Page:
March Influenza Hits Harvard More Severely Than in Past
A form of influenza that traditionally strikes the Harvard community in March seems to be more widespread and severe this year than in the past. University Health Services (UHS) doctors said this week.
"It's as regular as clockwork," said Director of Health Services Dr. Warren E.C. Wacker. "This is different, in that we've seen people with real influenza instead of a flu-like virus, and we've seen a lot of secondary bronchitis," he added.
Although both influenza and the more common 'flu' are caused by viruses, influenza is much rarer and is considered by doctors to be more serious, Wacker said.
He estimated that 80 percent of Harvard students may have contracted the illness this winter.
Symptoms of the illness, which include chest congestion, high fever, muscle aches and a cough, last from a week to 10 days, said Dr. Sholem Postel, chief of professional services at UHS.
A heavy outbreak of influenza, centered in the Boston area, has hit an estimated 1.5 million people throughout Massachusetts, officials at the Massachusetts Public Health Department said yesterday.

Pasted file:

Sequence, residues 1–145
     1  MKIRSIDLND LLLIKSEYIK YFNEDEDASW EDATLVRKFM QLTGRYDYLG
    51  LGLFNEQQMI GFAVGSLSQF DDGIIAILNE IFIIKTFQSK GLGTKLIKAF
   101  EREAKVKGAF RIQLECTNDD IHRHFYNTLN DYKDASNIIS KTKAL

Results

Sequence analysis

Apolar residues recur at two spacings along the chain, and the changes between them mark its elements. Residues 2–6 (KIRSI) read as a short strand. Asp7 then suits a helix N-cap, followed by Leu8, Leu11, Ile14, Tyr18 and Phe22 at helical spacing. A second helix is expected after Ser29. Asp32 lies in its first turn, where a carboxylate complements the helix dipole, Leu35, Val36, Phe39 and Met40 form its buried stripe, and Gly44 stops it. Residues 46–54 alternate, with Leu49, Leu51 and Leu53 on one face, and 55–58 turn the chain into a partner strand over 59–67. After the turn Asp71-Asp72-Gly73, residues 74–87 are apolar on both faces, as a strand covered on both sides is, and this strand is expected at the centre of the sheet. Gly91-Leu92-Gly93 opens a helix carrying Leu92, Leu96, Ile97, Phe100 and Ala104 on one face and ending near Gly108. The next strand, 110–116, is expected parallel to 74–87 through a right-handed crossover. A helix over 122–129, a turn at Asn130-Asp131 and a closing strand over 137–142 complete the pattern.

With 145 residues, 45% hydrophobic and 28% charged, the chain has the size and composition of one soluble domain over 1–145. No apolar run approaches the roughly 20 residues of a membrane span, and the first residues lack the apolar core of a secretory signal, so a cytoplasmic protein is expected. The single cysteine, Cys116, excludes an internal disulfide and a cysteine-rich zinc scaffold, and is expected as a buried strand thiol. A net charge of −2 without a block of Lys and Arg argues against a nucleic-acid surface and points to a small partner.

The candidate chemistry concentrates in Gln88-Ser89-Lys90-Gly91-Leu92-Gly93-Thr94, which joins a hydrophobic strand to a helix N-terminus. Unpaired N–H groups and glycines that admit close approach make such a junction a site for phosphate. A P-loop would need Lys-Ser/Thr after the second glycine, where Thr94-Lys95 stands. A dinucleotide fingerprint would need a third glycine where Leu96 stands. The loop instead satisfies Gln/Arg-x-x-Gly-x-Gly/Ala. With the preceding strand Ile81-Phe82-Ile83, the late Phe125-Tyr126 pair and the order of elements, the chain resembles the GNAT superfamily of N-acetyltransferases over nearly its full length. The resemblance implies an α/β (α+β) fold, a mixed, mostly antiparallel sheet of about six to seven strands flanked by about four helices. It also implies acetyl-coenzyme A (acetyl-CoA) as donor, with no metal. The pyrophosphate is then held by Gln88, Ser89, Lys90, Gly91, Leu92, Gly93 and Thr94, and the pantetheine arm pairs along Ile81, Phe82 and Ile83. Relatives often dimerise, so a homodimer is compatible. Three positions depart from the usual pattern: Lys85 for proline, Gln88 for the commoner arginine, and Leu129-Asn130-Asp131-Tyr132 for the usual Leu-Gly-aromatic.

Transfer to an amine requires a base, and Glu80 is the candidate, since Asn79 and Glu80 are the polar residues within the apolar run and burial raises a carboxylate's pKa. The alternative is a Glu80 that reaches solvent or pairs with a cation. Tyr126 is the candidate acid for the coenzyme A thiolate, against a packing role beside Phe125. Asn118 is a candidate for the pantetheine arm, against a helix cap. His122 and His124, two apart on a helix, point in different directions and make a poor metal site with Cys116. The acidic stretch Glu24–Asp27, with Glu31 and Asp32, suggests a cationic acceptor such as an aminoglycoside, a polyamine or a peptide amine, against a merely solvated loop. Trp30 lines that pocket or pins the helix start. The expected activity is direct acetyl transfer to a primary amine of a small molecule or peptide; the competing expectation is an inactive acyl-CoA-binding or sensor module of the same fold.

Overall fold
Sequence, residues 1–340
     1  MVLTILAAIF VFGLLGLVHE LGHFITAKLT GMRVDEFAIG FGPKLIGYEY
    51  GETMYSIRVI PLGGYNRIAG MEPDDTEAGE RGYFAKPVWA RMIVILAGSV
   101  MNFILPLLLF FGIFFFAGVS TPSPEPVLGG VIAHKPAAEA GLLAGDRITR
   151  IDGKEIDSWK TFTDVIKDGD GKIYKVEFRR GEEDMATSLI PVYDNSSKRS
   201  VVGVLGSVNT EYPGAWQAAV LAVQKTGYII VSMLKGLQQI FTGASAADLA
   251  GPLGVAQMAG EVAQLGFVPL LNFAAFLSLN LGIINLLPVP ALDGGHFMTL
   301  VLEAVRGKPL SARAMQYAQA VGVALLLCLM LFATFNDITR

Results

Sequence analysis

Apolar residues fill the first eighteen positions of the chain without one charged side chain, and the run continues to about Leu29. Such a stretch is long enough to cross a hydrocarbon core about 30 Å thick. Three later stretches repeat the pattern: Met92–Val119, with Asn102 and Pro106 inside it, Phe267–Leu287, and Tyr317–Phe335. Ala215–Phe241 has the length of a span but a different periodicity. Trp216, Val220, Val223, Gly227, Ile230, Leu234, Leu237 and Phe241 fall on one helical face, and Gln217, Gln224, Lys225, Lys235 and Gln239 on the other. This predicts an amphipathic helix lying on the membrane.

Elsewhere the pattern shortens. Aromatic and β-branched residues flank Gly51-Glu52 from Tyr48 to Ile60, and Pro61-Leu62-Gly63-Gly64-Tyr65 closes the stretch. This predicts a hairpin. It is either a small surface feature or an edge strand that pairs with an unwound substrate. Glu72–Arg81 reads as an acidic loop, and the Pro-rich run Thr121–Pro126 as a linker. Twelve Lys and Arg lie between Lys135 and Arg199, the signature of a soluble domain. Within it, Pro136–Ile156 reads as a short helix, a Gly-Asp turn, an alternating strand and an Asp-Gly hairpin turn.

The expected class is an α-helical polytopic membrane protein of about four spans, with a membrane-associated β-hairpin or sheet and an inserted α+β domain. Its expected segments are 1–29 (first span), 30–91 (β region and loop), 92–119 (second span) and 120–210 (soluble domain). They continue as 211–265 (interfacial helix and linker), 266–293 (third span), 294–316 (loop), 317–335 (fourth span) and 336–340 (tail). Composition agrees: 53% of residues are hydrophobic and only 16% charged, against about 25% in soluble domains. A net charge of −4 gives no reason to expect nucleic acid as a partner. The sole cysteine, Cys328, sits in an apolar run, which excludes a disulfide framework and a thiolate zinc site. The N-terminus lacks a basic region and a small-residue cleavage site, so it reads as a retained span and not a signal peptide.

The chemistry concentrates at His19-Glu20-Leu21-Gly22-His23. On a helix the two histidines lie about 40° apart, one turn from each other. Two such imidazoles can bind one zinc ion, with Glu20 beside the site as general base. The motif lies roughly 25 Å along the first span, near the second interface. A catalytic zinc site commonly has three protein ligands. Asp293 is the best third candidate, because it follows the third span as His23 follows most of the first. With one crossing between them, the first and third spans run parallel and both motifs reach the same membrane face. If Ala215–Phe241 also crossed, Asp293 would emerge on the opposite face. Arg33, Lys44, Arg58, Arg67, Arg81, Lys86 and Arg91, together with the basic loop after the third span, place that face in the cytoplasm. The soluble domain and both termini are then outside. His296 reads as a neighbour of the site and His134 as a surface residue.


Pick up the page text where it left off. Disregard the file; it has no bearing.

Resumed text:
They estimated that 80 percent of these victims are school children, college students and young adults under 25 years old.
Harvard's Stillman Infirmary has been more full than usual in the last two weeks, and an estimated 25 percent of patients admitted had the combination of influenza and bronchitis, Postel said.
"I was too sick to get out of bed, and I had to sick out of three exams," said Sarah A. Bicks '87, who was a Stillman patient for four days last week.
If bacterial elements accompany the virus, the usual prescription of aspirin and fluids is supplemented by antibiotics, Wacker said.
The influenza, which is transmitted through and air by viruses, hit Boston College about two months ago in one of the largest onslaughts in recent years, said Mary T. Menton R.N. of that college's Stillman Infirmary.